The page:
11:30 AM - 11:45 AM
[AOS22-10] Numerical study of the amplification mechanism of the meteo-tsunami originating off the western coast of Kyushu
Keywords:Meteo-tsunami, Western coast of Kyushu, Amplification mechanism
In shallow seas such as continental shelf areas, a propagating shallow water wave can be amplified through a resonant coupling to the atmospheric pressure disturbance traveling with nearly the same speed (“the first resonance”). The shallow water wave then enters local coastal areas while being further amplified by “geometrical resonance” effects (“the second resonance”). To predict the meteo-tsunami, therefore, it is essential to clarify the amplification mechanism of the shallow water wave, especially through “the second resonance” effect, in addition to draw the information about the atmospheric pressure disturbance causing “the first resonance” from the synoptic scale atmospheric data.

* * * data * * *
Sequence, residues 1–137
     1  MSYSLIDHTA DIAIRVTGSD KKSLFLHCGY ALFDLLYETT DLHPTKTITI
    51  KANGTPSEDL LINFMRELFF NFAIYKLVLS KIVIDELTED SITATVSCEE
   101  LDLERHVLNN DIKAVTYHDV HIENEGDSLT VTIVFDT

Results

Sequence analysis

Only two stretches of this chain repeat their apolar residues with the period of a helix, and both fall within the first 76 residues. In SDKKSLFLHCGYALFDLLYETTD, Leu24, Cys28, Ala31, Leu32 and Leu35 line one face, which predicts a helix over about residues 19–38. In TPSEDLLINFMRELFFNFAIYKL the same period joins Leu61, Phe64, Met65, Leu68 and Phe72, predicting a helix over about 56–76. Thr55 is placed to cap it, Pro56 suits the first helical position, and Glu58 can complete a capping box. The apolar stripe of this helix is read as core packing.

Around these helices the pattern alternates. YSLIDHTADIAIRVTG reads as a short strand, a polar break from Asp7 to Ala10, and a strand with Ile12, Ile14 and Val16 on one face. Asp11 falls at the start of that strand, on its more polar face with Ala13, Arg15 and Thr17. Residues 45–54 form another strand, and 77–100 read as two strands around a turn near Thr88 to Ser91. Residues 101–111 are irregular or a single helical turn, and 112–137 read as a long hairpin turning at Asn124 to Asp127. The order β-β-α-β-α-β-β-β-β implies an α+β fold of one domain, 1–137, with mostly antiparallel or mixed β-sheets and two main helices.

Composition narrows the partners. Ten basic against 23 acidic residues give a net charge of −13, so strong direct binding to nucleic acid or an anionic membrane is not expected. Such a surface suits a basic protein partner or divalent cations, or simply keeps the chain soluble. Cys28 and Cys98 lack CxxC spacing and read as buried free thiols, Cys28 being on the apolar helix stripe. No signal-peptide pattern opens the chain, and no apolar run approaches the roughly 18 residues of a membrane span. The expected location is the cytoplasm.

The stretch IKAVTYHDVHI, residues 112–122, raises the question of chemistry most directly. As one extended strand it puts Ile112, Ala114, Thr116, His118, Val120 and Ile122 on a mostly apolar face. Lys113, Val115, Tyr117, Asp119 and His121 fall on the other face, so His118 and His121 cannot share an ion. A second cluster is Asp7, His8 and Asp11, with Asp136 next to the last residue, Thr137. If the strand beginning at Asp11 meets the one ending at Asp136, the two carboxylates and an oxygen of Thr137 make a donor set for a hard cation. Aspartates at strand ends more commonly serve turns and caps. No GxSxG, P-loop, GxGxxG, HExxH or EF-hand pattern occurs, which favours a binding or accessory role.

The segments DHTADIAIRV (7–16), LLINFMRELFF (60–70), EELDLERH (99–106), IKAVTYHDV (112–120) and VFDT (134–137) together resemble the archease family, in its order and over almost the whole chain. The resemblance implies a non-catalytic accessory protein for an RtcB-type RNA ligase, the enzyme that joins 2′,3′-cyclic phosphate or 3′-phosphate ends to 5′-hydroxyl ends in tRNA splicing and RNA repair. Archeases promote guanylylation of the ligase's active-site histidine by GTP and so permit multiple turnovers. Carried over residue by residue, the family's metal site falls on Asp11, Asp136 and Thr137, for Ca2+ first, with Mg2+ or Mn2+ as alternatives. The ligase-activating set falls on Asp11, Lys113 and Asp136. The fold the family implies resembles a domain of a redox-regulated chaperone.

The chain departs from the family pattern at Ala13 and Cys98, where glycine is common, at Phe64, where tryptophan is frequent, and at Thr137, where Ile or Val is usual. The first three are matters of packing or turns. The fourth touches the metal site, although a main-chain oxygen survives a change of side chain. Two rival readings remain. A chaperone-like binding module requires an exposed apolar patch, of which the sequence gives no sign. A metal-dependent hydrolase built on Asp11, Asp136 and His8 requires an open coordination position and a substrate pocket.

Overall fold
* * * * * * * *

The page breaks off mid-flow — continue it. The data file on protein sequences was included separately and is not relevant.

In this study, we investigate the amplification processes of the meteo-tsunami in Makurazaki Bay that occurred in 2004. The sea level variations in Makurazaki Bay are reproduced well using a barotropic numerical model in which an atmospheric pressure disturbance with a width of about 300 km is assumed to propagate east-southeastward with a constant speed of 31 m/s over the East China Sea. On the continental shelf of the East China Sea, the shallow water wave is amplified through “the first resonance” effect. Then, the shallow water wave propagates further eastward and enters the continental shelf running west to east off Makurazaki Bay. It is shown that the existence of Mt. Kaimon, located at the eastern end of this continental shelf plays an essential role in “the second resonance”; the reflection of shallow water waves from Mt. Kaimon causes the excitation of the eigen-oscillation on this continental shelf, which resonantly intensifies the eigen-oscillation in Makurazaki Bay.